For Ballard, winning a 2017 FIS Masters globe started with strategizing. The competitions are Eurocentric in terms of both the athletes and the venues. She mapped out 15 races. (The best nine finishes count toward qualification, starting with September competitions in 12,000-foot Andean ski resorts that sit above Santiago, Chile.) The early events, held far away from western Europe, tended to have smaller fields. “I wanted four quick wins,” Ballard says.
On the day of her first race, Ballard caught an edge while warming up and cartwheeled down the better part of a 500-foot headwall. Yet Ballard kept what would become a crippling hematoma at bay for a couple days in Chile, winning three races that week on ibuprofen and grit. She won another four golds—two super-Gs, a giant slalom, and a slalom—when the Masters Cup made its annual trek to North America (Park City, Utah, in February 2017).
Between racing and ski coaching, Ballard spends 100 days annually on skis. But she confesses to “hating the gym” and instead prepares for ski runs, which can last more than a minute and average upwards of 70 miles per hour, by cycling, paddling, hiking, slacklining, and playing tennis. Ballard also has a lifelong dedication to flexibility and core work. She’ll exercise accordingly almost daily, if only for ten minutes at a stretch.
“I love to go fast,” Ballard says. “In the starting gate, I usually have a big smile on my face.”
“In ski racing, you’re so often performing in extended and odd positions,” Ballard says. “So many masters athletes don’t pay attention to flexibility and agility. They only think ‘aerobic.’ Let me tell you, in my years of masters racing, I’ve seen some really ugly tucks.”
Yet ski racing is still what Ballard calls her “personal time.” When she’s not on the mountain, she hustles as a professional photographer, freelance writer, and ski coach. Whereas some masters skiers have been known to spend $20,000 in pursuit of a globe, Ballard cobbled together her run at a world championship title. For months, she shopped flights—the round-trip to South America and two more to Europe—with her frequent-flyer miles. She stayed with friends in Park City.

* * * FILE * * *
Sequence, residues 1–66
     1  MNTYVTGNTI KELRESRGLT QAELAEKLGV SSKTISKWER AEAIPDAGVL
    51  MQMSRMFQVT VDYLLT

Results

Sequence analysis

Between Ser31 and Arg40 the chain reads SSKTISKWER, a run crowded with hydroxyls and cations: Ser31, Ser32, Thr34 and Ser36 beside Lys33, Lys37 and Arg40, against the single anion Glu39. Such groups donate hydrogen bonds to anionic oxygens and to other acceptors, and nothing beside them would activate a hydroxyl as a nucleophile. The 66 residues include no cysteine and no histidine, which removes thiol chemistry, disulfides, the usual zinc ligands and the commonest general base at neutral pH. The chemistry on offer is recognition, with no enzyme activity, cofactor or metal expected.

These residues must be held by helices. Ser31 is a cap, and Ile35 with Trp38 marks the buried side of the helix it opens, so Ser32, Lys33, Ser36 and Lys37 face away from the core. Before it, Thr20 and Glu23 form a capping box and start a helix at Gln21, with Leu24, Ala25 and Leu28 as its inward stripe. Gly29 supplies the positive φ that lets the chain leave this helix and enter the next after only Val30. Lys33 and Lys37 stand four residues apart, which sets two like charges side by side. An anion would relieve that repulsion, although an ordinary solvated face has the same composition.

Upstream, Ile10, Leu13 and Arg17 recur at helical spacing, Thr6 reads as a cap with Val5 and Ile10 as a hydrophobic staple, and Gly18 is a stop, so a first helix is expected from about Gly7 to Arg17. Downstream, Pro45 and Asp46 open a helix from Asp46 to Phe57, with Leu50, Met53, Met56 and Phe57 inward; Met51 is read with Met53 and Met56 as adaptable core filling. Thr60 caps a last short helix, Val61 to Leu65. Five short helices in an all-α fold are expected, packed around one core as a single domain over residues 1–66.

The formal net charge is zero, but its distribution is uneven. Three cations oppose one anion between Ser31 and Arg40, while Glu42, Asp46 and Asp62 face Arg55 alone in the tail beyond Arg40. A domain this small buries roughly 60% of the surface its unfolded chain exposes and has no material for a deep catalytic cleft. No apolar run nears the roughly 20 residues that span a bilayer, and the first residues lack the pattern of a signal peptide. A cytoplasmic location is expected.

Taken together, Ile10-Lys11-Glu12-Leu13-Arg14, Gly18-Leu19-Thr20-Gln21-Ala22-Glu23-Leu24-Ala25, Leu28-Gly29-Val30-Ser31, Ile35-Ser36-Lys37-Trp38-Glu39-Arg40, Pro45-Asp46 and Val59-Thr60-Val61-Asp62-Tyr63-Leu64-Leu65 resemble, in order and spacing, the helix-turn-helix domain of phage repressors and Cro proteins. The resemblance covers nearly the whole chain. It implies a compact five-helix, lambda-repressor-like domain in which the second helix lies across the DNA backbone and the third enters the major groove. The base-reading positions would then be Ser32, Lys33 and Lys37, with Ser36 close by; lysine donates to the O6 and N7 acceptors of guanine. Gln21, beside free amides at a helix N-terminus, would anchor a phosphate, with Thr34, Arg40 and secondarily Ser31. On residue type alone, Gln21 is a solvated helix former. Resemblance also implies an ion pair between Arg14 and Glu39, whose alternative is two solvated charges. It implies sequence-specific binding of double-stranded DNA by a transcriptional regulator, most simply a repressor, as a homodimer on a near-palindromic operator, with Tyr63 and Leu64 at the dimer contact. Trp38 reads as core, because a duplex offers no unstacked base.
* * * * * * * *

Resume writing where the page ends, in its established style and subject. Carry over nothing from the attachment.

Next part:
Coming into last April’s finals in Abetone, Italy, Ballard was tied with three Europeans for the 55-to-59 age group title. She finished 0.2 seconds out of first in the giant slalom and 0.5 seconds off the lead in the slalom. But over the entire season, nobody had accumulated more super-G victories. Ballard became the first American woman ever to win an FIS Masters oversized globe for the discipline.
She still wants that age-group title. Ballard will compete when the kaleidoscope of FIS racers soon comes to Big Sky, Montana, on March 20. “I know that hill well,” says Ballard, who lives only three hours away. “I’ve won national championships on it.”
But this year, she’ll only race for more Big Sky bragging rights. Pursuit of another globe will have to wait for Ballard to accumulate more savings—and frequent-flyer miles. Fortunately, time seems to be on her side. “I hope to try again in another year or two,” she says. “I have a job that remains unfinished.”
Shortly after Andrew Tilin, our Masters Athlete columnist and longtime contributor, wrote this story, he was killed in a traffic-related accident in Austin, Texas. He was 52.